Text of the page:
Our Human Osteology course is based on and modeled after a very successful university semester-long Human Osteology laboratory course presented by Dr. Dennis C. Dirkmaat, a renowned, award-winning forensic anthropologist who has taught the class for nearly 30 years as a professor of Physical and Forensic Anthropology.
Dennis Dirkmaat, Ph.D., D-ABFA
Director, Applied Forensic Sciences Dept.
Professor of Anthropology
Dennis C. Dirkmaat, Ph.D., D-ABFA., is a board-certified forensic anthropologist (since 1996). He is the 2021 winner of the T. Dale Stewart Award for lifetime achievement in Forensic Anthropology, awarded by the Anthropology Section of the American Academy of Forensic Sciences (AAFS).
Dirkmaat is the Chair of both the undergraduate program in Applied Forensic Sciences and the Masters of Science in Anthropology (Forensic and Biological Anthropology) graduate program at Mercyhurst University, in Erie, PA. The master’s program is widely recognized as one of the top forensic anthropology graduate programs in the world. He was recently awarded the first ever (2020) Outstanding Mentor Award in the Anthropology Section of the AAFS.
Since 1986, Dr. Dirkmaat has conducted nearly 1000 forensic anthropology cases for over 70 coroners, medical examiners and state and local police in the US states of Pennsylvania, New York, Ohio, West Virginia, and Nevada. The cases have included recoveries of surface-scattered human remains, buried body features, fatal fire scenes, and mass disaster recoveries, as well as victim identification and skeletal trauma analyses. He has testified in court over 30 times as an expert witness.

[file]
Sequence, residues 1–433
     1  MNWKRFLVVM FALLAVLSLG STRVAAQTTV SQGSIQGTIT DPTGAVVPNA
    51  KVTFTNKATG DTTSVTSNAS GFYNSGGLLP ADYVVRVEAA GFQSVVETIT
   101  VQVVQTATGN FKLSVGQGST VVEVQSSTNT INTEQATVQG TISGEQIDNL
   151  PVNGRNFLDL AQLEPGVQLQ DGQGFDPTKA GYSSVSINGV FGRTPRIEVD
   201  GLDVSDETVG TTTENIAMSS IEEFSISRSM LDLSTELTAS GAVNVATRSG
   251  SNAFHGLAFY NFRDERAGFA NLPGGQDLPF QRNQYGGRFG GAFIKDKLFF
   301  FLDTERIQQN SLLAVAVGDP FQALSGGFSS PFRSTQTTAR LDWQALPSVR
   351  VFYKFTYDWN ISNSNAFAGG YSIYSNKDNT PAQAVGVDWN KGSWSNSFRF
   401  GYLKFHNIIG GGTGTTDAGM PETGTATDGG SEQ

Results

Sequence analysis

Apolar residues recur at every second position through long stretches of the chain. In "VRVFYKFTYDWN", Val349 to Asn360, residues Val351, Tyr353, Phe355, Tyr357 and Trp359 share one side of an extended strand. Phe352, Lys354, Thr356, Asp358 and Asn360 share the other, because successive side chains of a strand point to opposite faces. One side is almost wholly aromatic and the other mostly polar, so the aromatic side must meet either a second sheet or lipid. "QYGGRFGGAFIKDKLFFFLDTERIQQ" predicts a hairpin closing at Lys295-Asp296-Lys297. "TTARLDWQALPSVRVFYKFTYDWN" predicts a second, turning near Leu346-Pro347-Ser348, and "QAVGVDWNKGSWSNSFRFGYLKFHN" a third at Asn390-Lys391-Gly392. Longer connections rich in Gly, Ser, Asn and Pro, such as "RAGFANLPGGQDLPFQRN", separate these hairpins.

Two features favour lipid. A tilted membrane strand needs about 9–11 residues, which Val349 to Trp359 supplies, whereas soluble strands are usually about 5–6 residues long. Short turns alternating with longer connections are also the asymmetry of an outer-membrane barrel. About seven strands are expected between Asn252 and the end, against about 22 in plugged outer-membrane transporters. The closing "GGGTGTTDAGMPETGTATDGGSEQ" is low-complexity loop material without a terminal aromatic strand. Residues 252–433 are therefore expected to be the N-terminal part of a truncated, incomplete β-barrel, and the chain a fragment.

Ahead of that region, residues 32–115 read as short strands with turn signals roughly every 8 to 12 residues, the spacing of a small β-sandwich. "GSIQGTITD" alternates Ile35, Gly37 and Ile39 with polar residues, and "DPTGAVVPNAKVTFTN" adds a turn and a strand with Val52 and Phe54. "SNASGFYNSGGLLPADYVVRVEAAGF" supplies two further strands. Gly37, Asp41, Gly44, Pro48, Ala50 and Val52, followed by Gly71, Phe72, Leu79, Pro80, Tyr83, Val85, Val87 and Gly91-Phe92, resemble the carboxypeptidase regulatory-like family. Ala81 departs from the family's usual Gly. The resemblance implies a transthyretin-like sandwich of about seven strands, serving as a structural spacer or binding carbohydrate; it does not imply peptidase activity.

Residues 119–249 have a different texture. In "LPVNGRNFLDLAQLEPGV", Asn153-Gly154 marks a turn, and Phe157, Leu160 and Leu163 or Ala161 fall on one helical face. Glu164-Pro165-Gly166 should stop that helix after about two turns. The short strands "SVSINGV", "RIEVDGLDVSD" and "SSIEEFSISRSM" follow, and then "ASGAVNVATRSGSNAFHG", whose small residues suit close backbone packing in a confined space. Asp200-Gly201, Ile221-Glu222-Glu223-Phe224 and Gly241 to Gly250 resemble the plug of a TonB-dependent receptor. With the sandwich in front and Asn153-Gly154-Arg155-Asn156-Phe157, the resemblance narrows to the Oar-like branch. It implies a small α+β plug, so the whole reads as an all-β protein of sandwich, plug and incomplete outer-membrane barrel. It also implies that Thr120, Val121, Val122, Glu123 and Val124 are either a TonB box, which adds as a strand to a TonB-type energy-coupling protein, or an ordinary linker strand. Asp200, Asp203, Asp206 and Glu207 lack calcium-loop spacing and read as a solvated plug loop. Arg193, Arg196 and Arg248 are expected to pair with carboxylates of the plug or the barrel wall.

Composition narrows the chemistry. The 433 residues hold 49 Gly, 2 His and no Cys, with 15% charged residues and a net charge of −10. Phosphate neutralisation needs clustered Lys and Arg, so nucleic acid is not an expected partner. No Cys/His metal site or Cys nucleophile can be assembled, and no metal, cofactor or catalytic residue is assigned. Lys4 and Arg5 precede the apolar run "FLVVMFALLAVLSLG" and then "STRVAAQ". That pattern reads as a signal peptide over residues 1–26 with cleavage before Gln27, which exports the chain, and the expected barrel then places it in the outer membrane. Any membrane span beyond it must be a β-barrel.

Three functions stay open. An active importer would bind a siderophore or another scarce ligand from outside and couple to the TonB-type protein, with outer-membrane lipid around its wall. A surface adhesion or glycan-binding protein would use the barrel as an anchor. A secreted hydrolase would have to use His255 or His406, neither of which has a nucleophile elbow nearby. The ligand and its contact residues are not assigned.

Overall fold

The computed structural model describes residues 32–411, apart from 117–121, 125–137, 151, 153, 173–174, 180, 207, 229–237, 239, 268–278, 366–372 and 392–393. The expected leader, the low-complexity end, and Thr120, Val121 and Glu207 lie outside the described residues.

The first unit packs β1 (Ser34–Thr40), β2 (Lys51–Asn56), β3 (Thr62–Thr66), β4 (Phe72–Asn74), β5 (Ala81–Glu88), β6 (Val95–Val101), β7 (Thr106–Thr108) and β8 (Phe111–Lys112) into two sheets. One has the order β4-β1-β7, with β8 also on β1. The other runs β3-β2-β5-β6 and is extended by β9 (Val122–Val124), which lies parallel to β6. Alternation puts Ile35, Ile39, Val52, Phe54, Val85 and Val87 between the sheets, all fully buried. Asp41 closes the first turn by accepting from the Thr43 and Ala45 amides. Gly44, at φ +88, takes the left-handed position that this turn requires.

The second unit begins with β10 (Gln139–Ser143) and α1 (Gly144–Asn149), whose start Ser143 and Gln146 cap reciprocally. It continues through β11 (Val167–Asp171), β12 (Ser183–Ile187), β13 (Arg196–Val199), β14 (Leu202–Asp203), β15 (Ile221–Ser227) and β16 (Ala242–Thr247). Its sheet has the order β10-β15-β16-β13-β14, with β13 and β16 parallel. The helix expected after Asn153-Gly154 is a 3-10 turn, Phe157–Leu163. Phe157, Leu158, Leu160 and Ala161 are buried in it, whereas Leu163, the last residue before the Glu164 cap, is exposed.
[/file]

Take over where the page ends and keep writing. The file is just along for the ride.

Dr. Dirkmaat has published articles on the role of archaeology and forensic taphonomy in the field of forensic anthropology, and was instrumental in convincing the Physical Anthropology Section of the AAFS to change the name to the Anthropology Section. In 2008, he was the primary author of an influential state-of-the-field article on forensic anthropology for the Yearbook of Physical Anthropology. He is the editor of A Companion to Forensic Anthropology published in 2012 and contributed to six chapters in the book. He co-wrote the chapter detailing forensic archaeological practices in the United States for the book Forensic Archaeology: A Global Perspective, published in 2015.